# Why does tuple(set([1,"a","b","c","z","f"])) == tuple(set(["a","b","c","z","f",1])) 85% of the time with hash randomization enabled?

Given Zero Piraeus' answer to another question, we have that

```    x = tuple(set([1, "a", "b", "c", "z", "f"]))
y = tuple(set(["a", "b", "c", "z", "f", 1]))
print(x == y)
```

Prints `True` about 85% of the time with hash randomization enabled. Why 85%?

I'm going to assume any readers of this question to have read both:

The first thing to note is that hash randomization is decided on interpreter start-up.

The hash of each letter will be the same for both sets, so the only thing that can matter is if there is a collision (where order will be affected).

By the deductions of that second link we know the backing array for these sets starts at length 8:

```    _ _ _ _ _ _ _ _
```

In the first case, we insert `1`:

```    _ 1 _ _ _ _ _ _
```

and then insert the rest:

```    α 1 ? ? ? ? ? ?
```

Then it is rehashed to size 32:

```        1 can't collide with α as α is an even hash
↓ so 1 is inserted at slot 1 first
? 1 ? ? ? ? ? ? ? ? ? ? ? ? ? ? ? ? ? ? ? ? ? ? ? ? ? ? ? ? ? ?
```

In the second case, we insert the rest:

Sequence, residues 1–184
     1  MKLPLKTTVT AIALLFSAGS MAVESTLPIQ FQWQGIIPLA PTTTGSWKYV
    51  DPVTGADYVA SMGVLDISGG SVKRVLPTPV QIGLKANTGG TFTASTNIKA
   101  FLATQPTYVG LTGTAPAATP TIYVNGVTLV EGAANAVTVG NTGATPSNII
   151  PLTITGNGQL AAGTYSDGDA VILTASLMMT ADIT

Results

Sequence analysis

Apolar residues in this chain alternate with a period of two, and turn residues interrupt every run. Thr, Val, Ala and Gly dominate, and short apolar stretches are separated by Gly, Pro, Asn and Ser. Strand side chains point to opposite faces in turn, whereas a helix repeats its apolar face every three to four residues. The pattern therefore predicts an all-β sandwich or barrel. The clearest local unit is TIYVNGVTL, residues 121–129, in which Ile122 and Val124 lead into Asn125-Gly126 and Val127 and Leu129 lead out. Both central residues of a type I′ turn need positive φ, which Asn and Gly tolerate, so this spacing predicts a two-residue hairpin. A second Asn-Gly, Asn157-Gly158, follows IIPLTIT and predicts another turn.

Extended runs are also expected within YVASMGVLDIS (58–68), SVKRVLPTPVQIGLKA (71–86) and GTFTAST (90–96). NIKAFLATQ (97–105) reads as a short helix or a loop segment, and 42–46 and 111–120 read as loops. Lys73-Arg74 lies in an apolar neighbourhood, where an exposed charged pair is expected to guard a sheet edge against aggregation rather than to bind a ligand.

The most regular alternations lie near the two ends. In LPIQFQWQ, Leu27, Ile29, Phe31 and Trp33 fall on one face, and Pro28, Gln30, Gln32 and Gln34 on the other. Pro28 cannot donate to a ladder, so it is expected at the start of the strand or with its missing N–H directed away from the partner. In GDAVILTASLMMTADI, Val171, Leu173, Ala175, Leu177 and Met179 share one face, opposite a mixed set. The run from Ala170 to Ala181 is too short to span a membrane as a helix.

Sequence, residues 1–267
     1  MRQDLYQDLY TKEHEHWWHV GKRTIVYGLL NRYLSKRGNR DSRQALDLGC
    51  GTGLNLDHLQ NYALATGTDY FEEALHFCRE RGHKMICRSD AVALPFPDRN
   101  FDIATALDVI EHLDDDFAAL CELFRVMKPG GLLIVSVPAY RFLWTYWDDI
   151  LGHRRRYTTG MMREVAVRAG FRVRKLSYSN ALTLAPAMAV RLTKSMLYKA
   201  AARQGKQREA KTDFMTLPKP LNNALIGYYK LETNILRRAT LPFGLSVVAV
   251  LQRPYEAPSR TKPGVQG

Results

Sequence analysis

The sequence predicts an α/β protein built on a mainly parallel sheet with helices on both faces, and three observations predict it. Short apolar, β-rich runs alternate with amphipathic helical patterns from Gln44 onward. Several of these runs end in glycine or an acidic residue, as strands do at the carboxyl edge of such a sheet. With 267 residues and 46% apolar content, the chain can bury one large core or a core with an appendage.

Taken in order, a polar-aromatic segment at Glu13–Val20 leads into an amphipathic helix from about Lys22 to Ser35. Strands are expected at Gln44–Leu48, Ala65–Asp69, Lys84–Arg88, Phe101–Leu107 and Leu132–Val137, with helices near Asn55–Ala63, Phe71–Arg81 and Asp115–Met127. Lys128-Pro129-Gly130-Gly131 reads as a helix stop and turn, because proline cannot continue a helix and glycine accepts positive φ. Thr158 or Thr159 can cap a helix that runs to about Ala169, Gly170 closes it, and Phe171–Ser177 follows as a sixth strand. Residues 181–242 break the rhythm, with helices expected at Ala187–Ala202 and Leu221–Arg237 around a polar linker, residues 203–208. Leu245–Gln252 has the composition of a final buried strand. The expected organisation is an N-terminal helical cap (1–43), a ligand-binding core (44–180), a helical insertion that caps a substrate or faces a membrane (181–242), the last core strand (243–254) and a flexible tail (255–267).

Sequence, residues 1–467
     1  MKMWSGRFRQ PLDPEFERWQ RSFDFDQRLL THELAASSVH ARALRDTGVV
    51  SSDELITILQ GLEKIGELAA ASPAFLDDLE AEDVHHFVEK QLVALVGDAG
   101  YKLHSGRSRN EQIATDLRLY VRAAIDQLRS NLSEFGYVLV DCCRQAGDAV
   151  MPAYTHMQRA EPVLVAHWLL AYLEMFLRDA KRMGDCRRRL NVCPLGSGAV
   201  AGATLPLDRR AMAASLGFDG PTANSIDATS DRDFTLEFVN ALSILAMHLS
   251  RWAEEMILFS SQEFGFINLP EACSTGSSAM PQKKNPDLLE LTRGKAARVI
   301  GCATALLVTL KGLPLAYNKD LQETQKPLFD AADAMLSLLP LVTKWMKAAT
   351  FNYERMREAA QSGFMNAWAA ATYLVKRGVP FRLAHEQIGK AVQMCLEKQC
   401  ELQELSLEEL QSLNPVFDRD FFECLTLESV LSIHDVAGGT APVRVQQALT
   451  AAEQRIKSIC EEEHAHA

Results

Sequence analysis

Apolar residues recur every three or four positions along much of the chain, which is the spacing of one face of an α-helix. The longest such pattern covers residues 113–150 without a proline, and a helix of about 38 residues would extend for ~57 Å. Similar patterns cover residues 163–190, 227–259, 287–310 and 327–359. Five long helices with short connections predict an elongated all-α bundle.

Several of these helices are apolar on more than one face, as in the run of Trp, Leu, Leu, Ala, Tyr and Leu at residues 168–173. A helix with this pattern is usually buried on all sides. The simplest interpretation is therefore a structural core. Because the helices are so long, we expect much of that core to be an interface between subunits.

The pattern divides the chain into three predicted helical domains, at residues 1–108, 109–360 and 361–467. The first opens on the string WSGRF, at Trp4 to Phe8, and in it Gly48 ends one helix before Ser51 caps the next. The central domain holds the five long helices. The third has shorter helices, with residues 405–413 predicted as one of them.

```    ? β ? ? ? ? ? ?
```

And then try to insert 1:

```        Try to insert 1 here, but will
↓ be rehashed if β exists
? β ? ? ? ? ? ?
```

And then it will be rehashed:

```        Try to insert 1 here, but will
be rehashed if β exists and has
↓ not rehashed somewhere else
? β ? ? ? ? ? ? ? ? ? ? ? ? ? ? ? ? ? ? ? ? ? ? ? ? ? ? ? ? ? ?
```

So whether the iteration orders are different depends solely on whether β exists.

The chance of a β is the chance that any of the 5 letters will hash to 1 modulo 8 and hash to 1 modulo 32.

Since anything that hashes to 1 modulo 32 also hashes to 1 modulo 8, we want to find the chance that of the 32 slots, one of the five is in slot 1:

```    5 (number of letters) / 32 (number of slots)
```

5/32 is 0.15625, so there is a 15.625% chance¹ of the orders being different between the two set constructions.

Not very strangely at all, this is exactly what Zero Piraeus measured.

¹Technically even this isn't obvious. We can pretend every one of the 5 hashes uniquely because of rehashing, but because of linear probing it's actually more likely for "bunched" structures to occur... but because we're only looking at whether a single slot is occupied, this doesn't actually affect us.

From: stackoverflow.com/q/26136894